Gav: It was timely in a fashion, because I came up with the idea as GW were partnering with Sabertooth Games to create the Horus Heresy collectable card game. Alan Merrett was rationalising and expanding the existing lore, and through a discussion with him we hit upon the Old and New Legion dichotomy at the core of the Legions – that is, the split between legionnaires that originally hailed from Terra and elsewhere prior to the discovery of the Primarchs,and those from the Primarchs’ homeworlds that later were recruited into the legions. That gave me plenty of conflict I needed for Astelan’s story without delving too deeply into the rest of the events of the Heresy or definitively saying who stayed loyal or not.
The Horus Heresy provides us with an opportunity and a trap, and we have to tread carefully. It’s great to delve into the myths and mysteries of those days in more detail, but in doing so we shouldn’t destroy those myths and explain all of those mysteries. We’ve been trying hard to change some of the how and why of established events, shining new light on old lore, and part of that is to make sure that the story creates as many new threads and ideas as it consumes. With the Dark Angels I am trying hard to maintain the balance between setting out events as they happened and ensuring there is still plenty of room for personal interpretation (both of characters and readers) to decide how and why certain things happened the way they did. Just because we think we know what happened doesn’t mean everyone involved had such a god’s eye view.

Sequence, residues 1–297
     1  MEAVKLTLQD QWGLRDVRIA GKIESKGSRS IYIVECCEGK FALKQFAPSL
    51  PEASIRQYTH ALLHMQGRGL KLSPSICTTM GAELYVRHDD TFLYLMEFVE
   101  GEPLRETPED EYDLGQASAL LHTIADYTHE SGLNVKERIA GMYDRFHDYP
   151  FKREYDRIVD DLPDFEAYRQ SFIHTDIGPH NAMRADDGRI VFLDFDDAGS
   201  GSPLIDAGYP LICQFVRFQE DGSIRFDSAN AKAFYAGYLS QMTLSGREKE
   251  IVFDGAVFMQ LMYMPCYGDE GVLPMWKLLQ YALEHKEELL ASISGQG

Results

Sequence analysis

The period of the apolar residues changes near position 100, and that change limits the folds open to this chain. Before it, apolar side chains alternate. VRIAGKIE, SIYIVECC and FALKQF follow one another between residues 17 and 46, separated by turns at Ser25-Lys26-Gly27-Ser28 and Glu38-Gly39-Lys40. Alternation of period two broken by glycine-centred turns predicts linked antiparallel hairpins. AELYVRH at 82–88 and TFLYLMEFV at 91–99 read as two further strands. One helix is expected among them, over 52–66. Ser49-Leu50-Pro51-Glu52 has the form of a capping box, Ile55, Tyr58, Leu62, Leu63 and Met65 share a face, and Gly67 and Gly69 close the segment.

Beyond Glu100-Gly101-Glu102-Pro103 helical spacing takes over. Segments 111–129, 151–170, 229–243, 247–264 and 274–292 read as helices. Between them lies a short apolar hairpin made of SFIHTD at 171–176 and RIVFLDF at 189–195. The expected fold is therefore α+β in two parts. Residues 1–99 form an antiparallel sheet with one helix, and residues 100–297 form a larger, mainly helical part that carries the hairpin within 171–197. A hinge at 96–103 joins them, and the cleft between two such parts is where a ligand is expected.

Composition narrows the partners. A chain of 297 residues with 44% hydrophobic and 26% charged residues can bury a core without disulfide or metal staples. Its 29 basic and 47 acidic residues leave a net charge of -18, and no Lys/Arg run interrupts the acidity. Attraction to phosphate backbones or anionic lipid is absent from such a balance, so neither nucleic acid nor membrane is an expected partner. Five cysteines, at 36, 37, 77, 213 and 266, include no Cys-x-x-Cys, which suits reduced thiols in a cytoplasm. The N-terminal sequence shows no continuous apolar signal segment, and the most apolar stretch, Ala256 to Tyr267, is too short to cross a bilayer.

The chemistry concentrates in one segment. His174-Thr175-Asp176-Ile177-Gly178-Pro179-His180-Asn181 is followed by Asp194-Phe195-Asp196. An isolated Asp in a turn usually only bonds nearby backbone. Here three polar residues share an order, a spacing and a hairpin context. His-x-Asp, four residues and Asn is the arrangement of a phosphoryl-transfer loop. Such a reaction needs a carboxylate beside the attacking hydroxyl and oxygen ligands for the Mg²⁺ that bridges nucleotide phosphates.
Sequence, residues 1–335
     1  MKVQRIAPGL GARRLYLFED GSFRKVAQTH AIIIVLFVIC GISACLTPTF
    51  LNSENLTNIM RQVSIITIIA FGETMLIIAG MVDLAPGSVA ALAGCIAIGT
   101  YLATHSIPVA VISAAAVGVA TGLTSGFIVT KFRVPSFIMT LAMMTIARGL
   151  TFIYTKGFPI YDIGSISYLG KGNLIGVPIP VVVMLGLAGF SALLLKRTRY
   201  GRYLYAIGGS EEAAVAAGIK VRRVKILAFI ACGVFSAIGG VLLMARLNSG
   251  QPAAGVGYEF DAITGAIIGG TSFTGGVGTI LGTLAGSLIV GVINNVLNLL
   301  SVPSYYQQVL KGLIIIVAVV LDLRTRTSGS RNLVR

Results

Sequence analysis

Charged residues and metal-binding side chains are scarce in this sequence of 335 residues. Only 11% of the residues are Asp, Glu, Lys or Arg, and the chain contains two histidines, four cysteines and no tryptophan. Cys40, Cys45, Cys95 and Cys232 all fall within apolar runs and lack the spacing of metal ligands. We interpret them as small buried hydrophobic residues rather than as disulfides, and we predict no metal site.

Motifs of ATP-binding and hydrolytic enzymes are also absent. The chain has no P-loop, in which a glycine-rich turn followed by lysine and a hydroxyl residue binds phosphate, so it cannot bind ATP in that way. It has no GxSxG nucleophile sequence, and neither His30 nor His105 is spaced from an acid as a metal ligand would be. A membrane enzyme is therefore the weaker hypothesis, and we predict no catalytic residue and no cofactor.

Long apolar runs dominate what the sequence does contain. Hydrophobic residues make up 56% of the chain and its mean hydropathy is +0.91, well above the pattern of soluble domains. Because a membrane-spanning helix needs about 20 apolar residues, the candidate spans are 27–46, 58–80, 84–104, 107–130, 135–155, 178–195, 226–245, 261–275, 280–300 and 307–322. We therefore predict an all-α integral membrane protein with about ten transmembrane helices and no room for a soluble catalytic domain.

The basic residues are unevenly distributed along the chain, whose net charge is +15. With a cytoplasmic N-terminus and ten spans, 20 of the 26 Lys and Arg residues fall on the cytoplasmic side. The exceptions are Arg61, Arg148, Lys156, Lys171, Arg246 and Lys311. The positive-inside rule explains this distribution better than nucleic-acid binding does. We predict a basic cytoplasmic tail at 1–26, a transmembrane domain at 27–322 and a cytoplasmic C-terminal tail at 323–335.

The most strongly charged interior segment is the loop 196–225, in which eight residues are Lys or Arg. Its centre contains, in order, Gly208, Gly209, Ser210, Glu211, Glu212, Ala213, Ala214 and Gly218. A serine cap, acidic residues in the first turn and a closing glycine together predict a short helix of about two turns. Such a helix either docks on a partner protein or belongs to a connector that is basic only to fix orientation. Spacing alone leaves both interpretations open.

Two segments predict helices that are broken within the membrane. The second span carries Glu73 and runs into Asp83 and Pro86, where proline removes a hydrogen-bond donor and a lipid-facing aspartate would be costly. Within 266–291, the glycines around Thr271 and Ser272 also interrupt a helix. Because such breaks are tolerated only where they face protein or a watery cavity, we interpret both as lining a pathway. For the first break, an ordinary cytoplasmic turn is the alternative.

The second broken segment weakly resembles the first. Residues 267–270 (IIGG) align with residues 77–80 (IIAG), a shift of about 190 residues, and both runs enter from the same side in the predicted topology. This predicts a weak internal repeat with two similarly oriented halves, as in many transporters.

Tyler: The Design Studio writes more about grand sweeping stories that encompass entire races, galaxies and pivotal turning point in the lore, whereas the Black Library focuses more on the personal side of things, obviously being very character driven. Having written for both ends of the spectrum, which do you prefer?
Gav: On the whole, I’ve always been drawn to character drama more than the space opera side of things. Warhammer and 40K are about these terrible places where individuals barely matter and yet they continue to strive to survive and make their lives relevant; where the darkness is so horrible even bloodthirsty tyrants can be lauded as heroes. For me, although the universes are about big battles, armies clashing, cities or planets dying in flames, Warhammer and 40K have still been about a personal narrative – that of the player, or the commander that represents them on the tabletop. That was the start of the whole idea – you can be that space marine captain or general of the empire.